County debates the future of the SRO program

More stories from Maeve Sanford-Kelly


Photo by Niki Mallik

Officer Shate Jackson, WJ’s School Resource Officer, stands outside of the school. The necessity role, along with that of the other SROs, is currently being debated by the Montgomery County Council

Despite failing to pass during a County Council meeting last July, the fight over abolishing School Resource Officers (SROs) in Montgomery County has not slowed down. Councilmember Will Jawando and countless student groups have been working for months to try and adjust or remove the program from MCPS. On the other side, disciplinary leaders like Montgomery County Police Chief Marcus Jones and all 25 high school principals warn that removing SROs could make county schools less safe.

SROs were already a hot topic last February when the Montgomery County Council’s Public Safety Committee voted against expanding the program by adding an officer to the county’s middle schools. That proposal, though supported by many in the Montgomery County Police Department, saw vehement opposition from community groups and residents. It failed 2-0. However, there was little discussion then about eliminating the program altogether.

A few months later, the murders of Breonna Taylor and George Floyd and the movement that followed sparked conversations nationwide about the placement of police officers, especially in schools. Shortly after, the MCPS school board directed Superintendent Jack Smith to compile data to see whether the program is harmful or beneficial in schools.

The intention of his report is to see “whether the presence of SROs is compatible with MCPS goals,” according to Bethesda Beat.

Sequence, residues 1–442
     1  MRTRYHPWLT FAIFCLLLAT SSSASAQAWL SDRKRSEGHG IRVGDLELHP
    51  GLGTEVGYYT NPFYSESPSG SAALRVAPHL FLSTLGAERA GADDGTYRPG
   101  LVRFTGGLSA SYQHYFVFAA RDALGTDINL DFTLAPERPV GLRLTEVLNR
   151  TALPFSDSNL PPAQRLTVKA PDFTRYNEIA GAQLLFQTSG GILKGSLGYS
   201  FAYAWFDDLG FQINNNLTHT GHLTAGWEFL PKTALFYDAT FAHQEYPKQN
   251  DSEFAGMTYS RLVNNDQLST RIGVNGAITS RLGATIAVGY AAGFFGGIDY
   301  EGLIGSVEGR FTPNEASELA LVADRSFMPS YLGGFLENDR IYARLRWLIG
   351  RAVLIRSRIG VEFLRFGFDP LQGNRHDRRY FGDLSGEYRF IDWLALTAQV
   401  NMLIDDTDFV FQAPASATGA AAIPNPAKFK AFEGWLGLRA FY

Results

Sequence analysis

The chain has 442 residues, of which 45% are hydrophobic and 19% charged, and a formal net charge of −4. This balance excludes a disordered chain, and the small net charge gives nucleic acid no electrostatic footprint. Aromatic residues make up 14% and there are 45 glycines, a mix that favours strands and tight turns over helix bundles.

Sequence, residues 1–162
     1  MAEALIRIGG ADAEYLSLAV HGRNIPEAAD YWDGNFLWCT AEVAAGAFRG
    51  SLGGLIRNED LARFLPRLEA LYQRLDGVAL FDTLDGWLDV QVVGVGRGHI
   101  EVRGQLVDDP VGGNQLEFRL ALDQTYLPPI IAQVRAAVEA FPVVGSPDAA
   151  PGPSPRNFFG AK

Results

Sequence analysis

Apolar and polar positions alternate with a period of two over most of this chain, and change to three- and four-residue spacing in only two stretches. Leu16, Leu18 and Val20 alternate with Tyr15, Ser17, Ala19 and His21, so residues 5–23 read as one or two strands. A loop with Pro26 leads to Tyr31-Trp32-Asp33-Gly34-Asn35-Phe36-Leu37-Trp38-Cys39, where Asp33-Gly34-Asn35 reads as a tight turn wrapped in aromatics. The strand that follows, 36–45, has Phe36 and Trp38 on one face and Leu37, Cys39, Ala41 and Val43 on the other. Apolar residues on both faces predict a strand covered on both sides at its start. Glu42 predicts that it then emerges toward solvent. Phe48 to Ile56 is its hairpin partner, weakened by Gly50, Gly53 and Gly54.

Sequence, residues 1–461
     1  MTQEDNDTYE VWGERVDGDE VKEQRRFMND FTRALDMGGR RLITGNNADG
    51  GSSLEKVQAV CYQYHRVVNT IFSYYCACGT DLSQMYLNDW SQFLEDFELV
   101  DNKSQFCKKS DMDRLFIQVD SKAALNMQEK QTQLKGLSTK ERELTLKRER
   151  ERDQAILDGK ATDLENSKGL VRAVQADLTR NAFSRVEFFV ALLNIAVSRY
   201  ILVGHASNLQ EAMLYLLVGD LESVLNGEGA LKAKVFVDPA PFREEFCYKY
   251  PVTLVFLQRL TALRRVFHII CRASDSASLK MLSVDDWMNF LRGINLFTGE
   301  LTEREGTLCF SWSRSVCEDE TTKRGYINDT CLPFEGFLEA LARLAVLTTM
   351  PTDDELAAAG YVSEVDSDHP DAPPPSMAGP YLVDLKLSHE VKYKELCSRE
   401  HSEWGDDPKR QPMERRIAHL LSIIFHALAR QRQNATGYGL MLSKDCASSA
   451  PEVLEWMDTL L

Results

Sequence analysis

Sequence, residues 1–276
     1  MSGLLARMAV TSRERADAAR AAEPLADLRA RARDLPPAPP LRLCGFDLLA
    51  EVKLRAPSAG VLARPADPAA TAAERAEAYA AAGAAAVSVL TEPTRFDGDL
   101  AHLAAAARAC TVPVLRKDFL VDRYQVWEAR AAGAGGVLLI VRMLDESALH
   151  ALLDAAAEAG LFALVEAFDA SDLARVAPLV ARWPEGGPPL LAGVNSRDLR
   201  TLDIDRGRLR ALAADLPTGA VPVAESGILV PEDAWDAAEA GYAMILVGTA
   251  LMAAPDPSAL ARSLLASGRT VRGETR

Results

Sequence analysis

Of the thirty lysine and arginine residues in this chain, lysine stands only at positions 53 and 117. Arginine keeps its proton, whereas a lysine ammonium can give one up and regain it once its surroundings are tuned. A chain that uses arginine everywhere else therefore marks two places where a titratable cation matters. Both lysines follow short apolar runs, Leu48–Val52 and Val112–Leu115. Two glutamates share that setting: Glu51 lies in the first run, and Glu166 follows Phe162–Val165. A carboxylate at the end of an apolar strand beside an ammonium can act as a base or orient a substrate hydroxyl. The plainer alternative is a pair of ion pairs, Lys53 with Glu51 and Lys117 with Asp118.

Around the same time, Councilman Jawando proposed removing 12 of the 23 officers currently placed in county high schools. He has previously said that he believes the program should be cut in its entirety. The motion failed 5-4 on July 21, but Jawando pledged to continue advocating for reforming the program.

Another consequence of the renewed public involvement in racial justice and police reform is the increased involvement of students. The movement to remove SROs has seen a great deal of support from student activists.

WJ sophomore Sourish Dey is a community activist who supports the removal of SROs from Montgomery County schools.

“SROs, like most other forms of policing, target people of color much more harshly than they do other people and I think the resources we devote to SROs can be better used elsewhere,” Dey said.

Prominent Montgomery County student activism group Moco 4 Change – who organized the 2017 walkouts following the shooting at Marjory Stoneman Douglas High School – has come out in support of removing SROs and has been organizing student leaders around the county for the cause.

The opposition to SROs is not just a local reaction to a national issue. Eight three of students arrested by SROs in the past three years have been black or Hispanic even though those groups only make up 53% of students. The Board of Education hopes that Dr. Smith’s report will highlight more data on the actual impact of the SRO program.

WJ’s School Resource Officer is Officer Shate Jackson. She feels that the SRO position is critical to helping make sure students are safe while at school. She also sees her role as being a part of the greater WJ community.

“I really feel like I have a great rapport with the staff and the students. With that great rapport, I’m really shocked at where we are now and that they want to get rid of [the SRO program],” Officer Jackson said.

It is unclear if the removal of SROs would be legal under state laws. The Maryland Safe to Learn Act (2018) mandates that all schools in the state either assign an SRO to the school or provide “adequate law enforcement coverage.” The law is not explicit about what type of coverage is considered to be adequate.

In October, all 25 MCPS high school principals voted in favor of keeping the program in place with many citing the positive impact SROs have in their own school communities.

Assistant Principal Terry Heintze believes that despite the controversy, the SRO program is beneficial to the WJ community.

“SROs play a positive role in the school community by providing valuable community resources to students, staff, and parents…I do not think the school would gain anything positive from removing the SRO program from schools,” he said.

For now, the debate is at a stalemate until Superintendent Smith comes out with his recommendations this winter.